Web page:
What kind of trumpet is this?

Discussion in 'Trumpet Discussion' started by Mitch_M, Sep 1, 2010.

  1. Mitch_M

    Mitch_M New Friend

    Sep 1, 2010

    I bought this on ebay because it looked unusual and I paid less than $30 for it. Does someone know what it is?

    I'm not sure if that extra slide is to tune it to a different key or something from another instrument the seller is including by mistake. In any case I'm curious about the apparently large bore and interested in the challenge of getting the valves unstuck. If I can't make it work I'll stick it on board with some velvet backing and sell it as a decor iterm.
  2. Dale Proctor

    Dale Proctor Utimate User

    Jul 20, 2006
    Heart of Dixie
    Looks like the kind you make a lamp out of...:D
  3. ComeBackKid

    ComeBackKid Fortissimo User

    May 11, 2009
    Yorba Linda, CA
    I have no clue. What is the deal with the 2nd valve slide? It looks like an extra 1st slide stuck in there. Are there any markings on it at all? I would say that you will need to take it to a shop that specializes in restorations. If the regular 2nd slide is not present, they may need to cut the extra one down to size. Also, the valves may need work etc, etc. It could be an expensive project. I hope you have deep pockets for it.
  4. keehun

    keehun Piano User

    Feb 4, 2010
    I'll be surprised if the pistons are in a working condition... and even if it was, I'd be afraid to blow through those pipes...
  5. Mitch_M

    Mitch_M New Friend

    Sep 1, 2010
    Oh, that's so funny I forgot to laugh.

    I think it might be convertible from Bb to A. It looks like the additional tubing in the M shaped slide is the same length as the third valve circuit, so that would lower the pitch 3 half steps.

    Good point about the second valve slide. I hadn't thought of that before. I have to figure out what's going on with it when it comes in the mail.

    I was kind of interested in the challenge of trying to get the pistons moving. I spent the equivalent of a restaurant meal and a drink on it, so it won't break my heat if I can't get it working. Some things are worth trying, though.
  6. barliman2001

    barliman2001 Fortissimo User

    Jul 5, 2010
    Vienna, Austria, Europe
    Mitch M was on the right track when he said that it might be convertible. It certainly is, but not from Bb to A, but from Bb to Ab. A Bb to A conversion would be just a very tiny loop - like you find on some 1920's vintage Buescher trumpets that have a rotary valve and an additional loop for A added between #3 valve and the tuning slide.
    The fact that this is certainly an Ab conversion should give us a clue about what it was built for: In Germany, Lutheran Church brass ensembles (so-called "Posaunenchöre" or Trombone Choirs) in the tradition of a guy called Friedrich Kuhlo use a different fingering from the usual: Their C is played 1-3. The result is that they can play and accompany choral and organ music without transposing.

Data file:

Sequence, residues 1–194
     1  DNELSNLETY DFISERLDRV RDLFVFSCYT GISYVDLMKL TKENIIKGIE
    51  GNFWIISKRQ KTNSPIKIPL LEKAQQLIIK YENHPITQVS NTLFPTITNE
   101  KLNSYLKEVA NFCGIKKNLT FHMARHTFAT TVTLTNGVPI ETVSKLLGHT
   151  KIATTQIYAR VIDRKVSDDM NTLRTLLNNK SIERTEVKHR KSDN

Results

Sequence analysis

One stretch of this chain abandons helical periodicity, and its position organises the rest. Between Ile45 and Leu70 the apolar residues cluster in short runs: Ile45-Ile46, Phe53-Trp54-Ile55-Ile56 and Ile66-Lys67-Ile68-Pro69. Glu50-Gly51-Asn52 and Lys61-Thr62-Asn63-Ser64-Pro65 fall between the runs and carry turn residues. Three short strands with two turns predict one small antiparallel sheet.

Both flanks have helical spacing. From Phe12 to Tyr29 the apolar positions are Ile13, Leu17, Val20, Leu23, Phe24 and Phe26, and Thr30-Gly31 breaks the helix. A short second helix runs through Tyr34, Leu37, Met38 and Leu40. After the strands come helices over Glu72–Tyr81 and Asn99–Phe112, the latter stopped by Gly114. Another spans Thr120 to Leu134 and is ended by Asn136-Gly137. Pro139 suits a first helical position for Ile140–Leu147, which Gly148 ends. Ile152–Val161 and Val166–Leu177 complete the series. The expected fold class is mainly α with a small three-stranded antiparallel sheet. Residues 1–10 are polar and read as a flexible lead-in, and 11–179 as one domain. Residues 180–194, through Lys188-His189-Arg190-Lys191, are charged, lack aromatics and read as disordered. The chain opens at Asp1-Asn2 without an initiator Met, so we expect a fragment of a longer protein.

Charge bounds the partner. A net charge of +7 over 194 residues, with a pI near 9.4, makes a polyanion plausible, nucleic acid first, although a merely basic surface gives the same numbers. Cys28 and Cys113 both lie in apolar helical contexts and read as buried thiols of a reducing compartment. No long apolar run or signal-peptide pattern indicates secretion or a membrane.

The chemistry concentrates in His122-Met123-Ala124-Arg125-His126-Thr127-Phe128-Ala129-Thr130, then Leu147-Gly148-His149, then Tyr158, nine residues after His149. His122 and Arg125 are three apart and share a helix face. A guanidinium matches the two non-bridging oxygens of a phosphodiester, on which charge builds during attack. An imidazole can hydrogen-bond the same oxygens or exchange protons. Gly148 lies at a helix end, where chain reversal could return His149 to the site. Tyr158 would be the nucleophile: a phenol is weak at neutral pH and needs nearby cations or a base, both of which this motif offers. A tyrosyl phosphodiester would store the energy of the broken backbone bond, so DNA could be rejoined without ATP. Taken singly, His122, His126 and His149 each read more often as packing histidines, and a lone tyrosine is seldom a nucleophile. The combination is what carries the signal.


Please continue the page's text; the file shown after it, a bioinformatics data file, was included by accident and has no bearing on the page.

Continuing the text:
Quite a number of these groups emigrated to the USA between 1880 and 1920, sometimes emigrating as a whole group or even parish, and they brought their tradition with them (I don't know if it is still alive somewhere).
    Now what happens if a player from one of these groups moves elsewhere and wants to play in a more usual group band or orchestra?
    He is STUCK (as happened to me: By mere chance, I started playing in one of these groups, and then joined a British Brass Band... help!!). He has only two choices: Re-learn all his fingering (as I did eventually) or get an Ab instrument (as I did at first...)

    As regards the second slide: From the size of it, the slide supplied is the Ab second slide - or maybe (as I did) - someone did not bother and just pulled out #2 slide to the required length.
  7. Mitch_M

    Mitch_M New Friend

    Sep 1, 2010
    Oh, that's interesting. Part of my ancestry is German Lutheran so that fits in with my heritage.

    I've actually been doing something kind of like that with learning fingerings. When I play music written Bb, what I think of as a "C" scale starts on an open note and ends on an open note an octave higher. When I play music in concert key, the "C" scale starts on the note I call "D" when I play music in Bb.

    I look at it as learning two different names for each note and not learning two sets of fingerings, though. It's much easier to just think of an "D" as a "C" and play that way rather than see a "C" on the paper, translate it to a "D" in my head, and play a "D". It saves a processing step.
    Last edited: Sep 2, 2010
  8. Dale Proctor

    Dale Proctor Utimate User

    Jul 20, 2006
    Heart of Dixie
    Glad I could cheer you up...
  9. VetPsychWars

    VetPsychWars Fortissimo User

    Nov 8, 2006
    Greenfield WI
    I think it could be a C/Bb/A, myself, and missing half of its slides.


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